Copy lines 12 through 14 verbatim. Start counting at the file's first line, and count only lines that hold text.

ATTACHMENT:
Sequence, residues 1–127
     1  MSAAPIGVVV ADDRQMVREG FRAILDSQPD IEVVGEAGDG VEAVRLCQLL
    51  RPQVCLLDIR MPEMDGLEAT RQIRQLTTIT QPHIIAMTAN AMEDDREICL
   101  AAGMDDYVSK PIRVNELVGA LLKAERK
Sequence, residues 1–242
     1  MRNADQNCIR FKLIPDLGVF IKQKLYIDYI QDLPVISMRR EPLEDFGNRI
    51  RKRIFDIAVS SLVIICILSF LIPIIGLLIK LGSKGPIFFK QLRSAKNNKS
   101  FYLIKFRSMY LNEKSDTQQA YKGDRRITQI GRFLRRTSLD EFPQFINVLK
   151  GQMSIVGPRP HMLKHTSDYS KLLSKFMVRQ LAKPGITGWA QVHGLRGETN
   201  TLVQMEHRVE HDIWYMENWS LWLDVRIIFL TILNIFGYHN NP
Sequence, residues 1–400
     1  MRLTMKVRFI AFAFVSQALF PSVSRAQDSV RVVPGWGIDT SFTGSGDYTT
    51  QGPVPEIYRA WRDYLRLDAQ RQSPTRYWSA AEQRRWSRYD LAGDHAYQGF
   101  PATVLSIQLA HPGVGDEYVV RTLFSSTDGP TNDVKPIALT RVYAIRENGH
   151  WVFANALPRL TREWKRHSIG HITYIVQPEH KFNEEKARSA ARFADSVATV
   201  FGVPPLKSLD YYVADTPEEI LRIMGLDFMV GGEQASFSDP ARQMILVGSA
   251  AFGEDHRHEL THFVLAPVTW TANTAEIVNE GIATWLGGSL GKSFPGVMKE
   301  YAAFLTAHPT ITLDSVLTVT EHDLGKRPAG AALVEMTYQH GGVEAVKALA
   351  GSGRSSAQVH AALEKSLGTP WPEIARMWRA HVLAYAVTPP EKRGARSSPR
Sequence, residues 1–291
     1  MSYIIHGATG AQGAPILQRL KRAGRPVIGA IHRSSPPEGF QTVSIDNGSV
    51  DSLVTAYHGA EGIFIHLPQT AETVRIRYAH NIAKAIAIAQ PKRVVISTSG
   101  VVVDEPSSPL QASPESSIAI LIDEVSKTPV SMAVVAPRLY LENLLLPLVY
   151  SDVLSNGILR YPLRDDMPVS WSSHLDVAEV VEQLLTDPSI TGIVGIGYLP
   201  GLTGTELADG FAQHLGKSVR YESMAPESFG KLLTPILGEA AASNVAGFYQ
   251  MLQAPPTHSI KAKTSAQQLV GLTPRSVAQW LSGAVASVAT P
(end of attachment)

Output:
     1  MRLTMKVRFI AFAFVSQALF PSVSRAQDSV RVVPGWGIDT SFTGSGDYTT
    51  QGPVPEIYRA WRDYLRLDAQ RQSPTRYWSA AEQRRWSRYD LAGDHAYQGF
   101  PATVLSIQLA HPGVGDEYVV RTLFSSTDGP TNDVKPIALT RVYAIRENGH